Source: purchased from Amazon
Formats available: hardcover, ebook
Genres: mystery, science fiction
Series: Universe of Xuya
Published by Subterranean Press on March 31, 2018
Purchasing Info: Author's Website, Publisher's Website, Amazon, Barnes & Noble, Kobo, Bookshop.org
Welcome to the Scattered Pearls Belt, a collection of ring habitats and orbitals ruled by exiled human scholars and powerful families, and held together by living mindships who carry people and freight between the stars. In this fluid society, human and mindship avatars mingle in corridors and in function rooms, and physical and virtual realities overlap, the appareance of environments easily modified and adapted to interlocutors or current mood.
A transport ship discharged from military service after a traumatic injury, The Shadow's Child now ekes out a precarious living as a brewer of mind-altering drugs for the comfort of space-travellers. Meanwhile, abrasive and eccentric scholar Long Chau wants to find a corpse for a scientific study. When Long Chau walks into her office, The Shadow's Child expects an unpleasant but easy assignment. When the corpse turns out to have been murdered, Long Chau feels compelled to investigate, dragging The Shadow's Child with her.
As they dig deep into the victim's past, The Shadow's Child realises that the investigation points to Long Chau's own murky past--and, ultimately, to the dark and unbearable void that lies between the stars...
The Nebula Awards shortlist came out this week. I was reminded to take a look at it by someone on the Library Journal Committee that picked the best SF and Fantasy for 2018 for their annual wrap-up because four of our picks are on the Nebula shortlist, as well as a couple of titles that ALMOST made it.
Looking at the list, I noticed a book that I picked up a while ago, as it was recommended in the context of being an “out of this world” Sherlock Holmes pastiche. It has been said that every generation reinvents Sherlock Holmes for themselves, and The Tea Master and the Detective definitely qualifies as one of the more inventive futuristic reinventions, right up there with Sara Holmes and Janet Watson of A Study in Honor.
In The Tea Master and the Detective, we have a tale set in this author’s loosely connected Universe of Xuya series. It’s an alternate history universe where China discovered America before Christopher Columbus. That discovery altered the history of the world, as such a momentous change would. China turned outward instead of inward, and seems to have become the dominant power on Earth before humanity reached the stars.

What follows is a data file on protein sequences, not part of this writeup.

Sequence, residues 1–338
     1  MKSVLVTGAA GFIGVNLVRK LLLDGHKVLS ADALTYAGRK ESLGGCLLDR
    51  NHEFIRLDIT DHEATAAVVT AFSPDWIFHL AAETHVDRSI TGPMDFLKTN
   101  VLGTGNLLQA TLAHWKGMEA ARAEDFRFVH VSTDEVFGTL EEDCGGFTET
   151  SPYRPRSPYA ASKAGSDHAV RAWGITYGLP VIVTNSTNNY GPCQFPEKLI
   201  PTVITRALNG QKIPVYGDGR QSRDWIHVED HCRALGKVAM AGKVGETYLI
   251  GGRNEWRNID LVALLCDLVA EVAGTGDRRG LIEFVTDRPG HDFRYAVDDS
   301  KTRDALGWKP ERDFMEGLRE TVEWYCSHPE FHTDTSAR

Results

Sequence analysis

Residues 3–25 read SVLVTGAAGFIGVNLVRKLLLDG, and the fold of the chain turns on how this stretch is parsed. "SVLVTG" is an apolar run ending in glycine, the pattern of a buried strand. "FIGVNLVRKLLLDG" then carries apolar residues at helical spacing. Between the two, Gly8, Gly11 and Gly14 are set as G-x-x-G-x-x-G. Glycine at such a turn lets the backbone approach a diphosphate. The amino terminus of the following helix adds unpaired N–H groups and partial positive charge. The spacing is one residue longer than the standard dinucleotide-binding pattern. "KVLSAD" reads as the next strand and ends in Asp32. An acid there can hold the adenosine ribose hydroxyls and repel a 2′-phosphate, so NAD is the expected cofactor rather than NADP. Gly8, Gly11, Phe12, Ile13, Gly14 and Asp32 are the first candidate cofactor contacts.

An influence that is still felt at the time of this story, probably taking place somewhere in the alternate 22nd century – if not later. (The series is made up of short stories and novellas, and they have been scattered in publication throughout every magazine currently publishing SF and Fantasy. I wish they were all collected somewhere because I’d like to read them ALL!)
As I have not yet read the series, I came into this story with no previous knowledge – and I absolutely loved it. While the entire history of the universe isn’t explained – and it shouldn’t be – this little gem still feels complete. I just want to know more. (I always want to know more.)
The detective, in this case the mysterious Long Chau, claims to be writing a thesis on the decomposition of bodies in the deep places of space. Places that seem to be both theoretical and real, although a bit more of each of those elements than might be presupposed at first glance.
The thing about the deep places is that they are both real and unreal, and the unreality of those places affects the human mind – to its detriment. Humans usually travel those deep places safely within the bounds of a ship controlled by a “shipmind”. A ship that is self-aware.
What makes this story so interesting is that the “Watson” to Long Chau’s “Holmes” is a damaged shipmind named The Shadow’s Child who is psychologically unable to travel the deep places – so she makes her living brewing teas that help humans survive the unreality of the places she no longer feels able to go.
Long Chau goes to the fringes of the deep places to find a dead body. But what she’s really looking for is a lost soul. Her own. That she also finds the soul of the scarred shipmind forges a unlikely partnership.
One I hope to see again.
Escape Rating A: This is lovely. It combines two ideas that really shouldn’t have much to do with each other, but work together anyway – much as the two protagonists really shouldn’t have much to do with each other.
Shipminds are people. And this society has places for them and recognizes them as people. The Shadow’s Child has to deal with many of the things that anyone else does, including meddling family members and paying the rent. She will also remind readers of Anne McCaffrey’s classic stories of the brainship Helga, The Ship Who Sang.
The Shadow’s Child is the Watson to Long Chau’s Holmes. The pastiche part of this story is fairly subtle – if you’re not interested, it’s not there. If you are interested, the way that Long Chau refers to herself as a “consulting detective”, her endless deductions of what people, including shipminds, are thinking, feeling and doing as well as her constant use of drugs to stimulate her mind are there to remind readers of some of Sherlock Holmes’ habits, both the more and the less savory of them.
The case that they ultimately find themselves on is an investigation that no one wants solved – and it nearly gets them both killed. But along the way they learn to respect if not necessarily trust each other, and we get to explore a fascinating universe that has plenty of stories in it that are worth telling.
I look forward to ferreting out more of this series as soon as possible!